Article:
SAF sues DC for carry permits
Second Amendment Foundation
12500 NE Tenth Place • Bellevue, WA 98005
(425) 454-7012 • FAX (425) 451-3959 • Second Amendment Foundation Online
SAF SUES DISTRICT OF COLUMBIA OVER CARRYING OF HANDGUNS
For Immediate Release: 8/6/2009
For Immediate Release: Contact: Alan Gottlieb (425) 454-7012
BELLEVUE, WA – The Second Amendment Foundation today filed a lawsuit on behalf of three residents of the District of Columbia and a New Hampshire resident, seeking to compel the city to issue carry permits to law-abiding citizens.
The lawsuit was filed in U.S. District Court on behalf of Tom Palmer, George Lyon and Amy McVey, all District residents, and Edward Raymond, a New Hampshire resident. SAF and the individual plaintiffs are being represented by attorney Alan Gura, who successfully argued the landmark District of Columbia v. Heller case in 2008 that overturned the District’s handgun ban on the grounds that it was unconstitutional under the Second Amendment.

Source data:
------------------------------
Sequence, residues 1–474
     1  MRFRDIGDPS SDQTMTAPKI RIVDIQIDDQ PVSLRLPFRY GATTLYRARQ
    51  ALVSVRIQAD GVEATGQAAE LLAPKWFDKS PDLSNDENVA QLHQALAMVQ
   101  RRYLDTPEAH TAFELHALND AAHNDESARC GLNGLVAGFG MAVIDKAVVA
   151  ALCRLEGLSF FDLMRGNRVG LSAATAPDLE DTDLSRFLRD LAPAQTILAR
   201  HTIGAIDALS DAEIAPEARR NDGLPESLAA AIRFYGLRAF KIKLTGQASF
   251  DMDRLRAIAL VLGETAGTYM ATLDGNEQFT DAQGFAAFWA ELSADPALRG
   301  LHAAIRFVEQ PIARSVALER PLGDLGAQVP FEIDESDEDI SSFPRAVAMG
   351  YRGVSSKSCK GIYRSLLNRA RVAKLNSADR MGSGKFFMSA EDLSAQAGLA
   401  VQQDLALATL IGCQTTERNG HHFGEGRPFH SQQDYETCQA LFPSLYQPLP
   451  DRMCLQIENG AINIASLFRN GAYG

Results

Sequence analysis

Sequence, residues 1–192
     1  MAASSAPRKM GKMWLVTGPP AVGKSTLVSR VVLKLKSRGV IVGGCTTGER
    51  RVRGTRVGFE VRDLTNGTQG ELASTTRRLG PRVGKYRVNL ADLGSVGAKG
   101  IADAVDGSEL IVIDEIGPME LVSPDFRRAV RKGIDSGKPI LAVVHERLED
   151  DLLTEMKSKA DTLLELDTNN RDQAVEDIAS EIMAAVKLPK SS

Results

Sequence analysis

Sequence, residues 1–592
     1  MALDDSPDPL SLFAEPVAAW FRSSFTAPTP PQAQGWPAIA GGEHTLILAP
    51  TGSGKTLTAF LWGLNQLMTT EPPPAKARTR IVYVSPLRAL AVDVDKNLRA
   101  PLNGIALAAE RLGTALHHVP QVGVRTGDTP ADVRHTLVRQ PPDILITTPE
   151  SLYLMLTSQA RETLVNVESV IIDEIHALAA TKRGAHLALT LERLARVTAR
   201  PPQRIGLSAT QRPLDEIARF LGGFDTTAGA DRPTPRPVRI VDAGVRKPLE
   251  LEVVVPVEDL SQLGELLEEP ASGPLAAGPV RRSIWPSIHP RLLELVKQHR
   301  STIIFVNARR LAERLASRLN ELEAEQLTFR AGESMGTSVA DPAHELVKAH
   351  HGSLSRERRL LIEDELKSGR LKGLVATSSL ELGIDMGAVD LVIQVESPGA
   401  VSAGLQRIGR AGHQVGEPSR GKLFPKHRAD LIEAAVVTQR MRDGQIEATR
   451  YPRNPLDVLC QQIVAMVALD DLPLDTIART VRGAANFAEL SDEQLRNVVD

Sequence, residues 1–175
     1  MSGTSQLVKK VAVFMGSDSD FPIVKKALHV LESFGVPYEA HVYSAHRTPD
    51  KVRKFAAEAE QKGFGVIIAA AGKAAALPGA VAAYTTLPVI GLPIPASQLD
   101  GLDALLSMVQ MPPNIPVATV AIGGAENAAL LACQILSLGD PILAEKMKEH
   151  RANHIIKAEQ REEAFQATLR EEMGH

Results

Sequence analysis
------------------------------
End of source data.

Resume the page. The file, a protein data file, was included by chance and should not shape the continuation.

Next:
“Once again,” said SAF founder and Executive Vice President Alan Gottlieb, “we’re heading back to court because the anti-gun city administration refuses to abide by the law. It is beginning to appear like residents of the District are up against a rogue city government that simply does not want to ease its stranglehold on the most important civil right of all, the right of self-preservation.”
“In most major American cities,” said attorney Gura, “where the right to bear arms is respected, licensed permit holders have proven themselves safe and effective. Washington, D.C. already requires handgun registrants to complete the background checks and training classes required of carry permit holders throughout the country. It is pointless to deny these individuals the right to bear arms.”
SAF previously sued the District over its restrictive handgun registration policies, leading the city to amend those policies. This time, SAF is alleging that the District previously had a city code under which the police chief could issue licenses to carry handguns to individuals, including citizens not residing in the District, though the city did not issue such licenses as a matter of policy for several years. That authority was revoked last December by the Mayor and City Council.
Plaintiffs are seeking a permanent injunction against the continued ban on carrying handguns by law-abiding citizens for personal protection.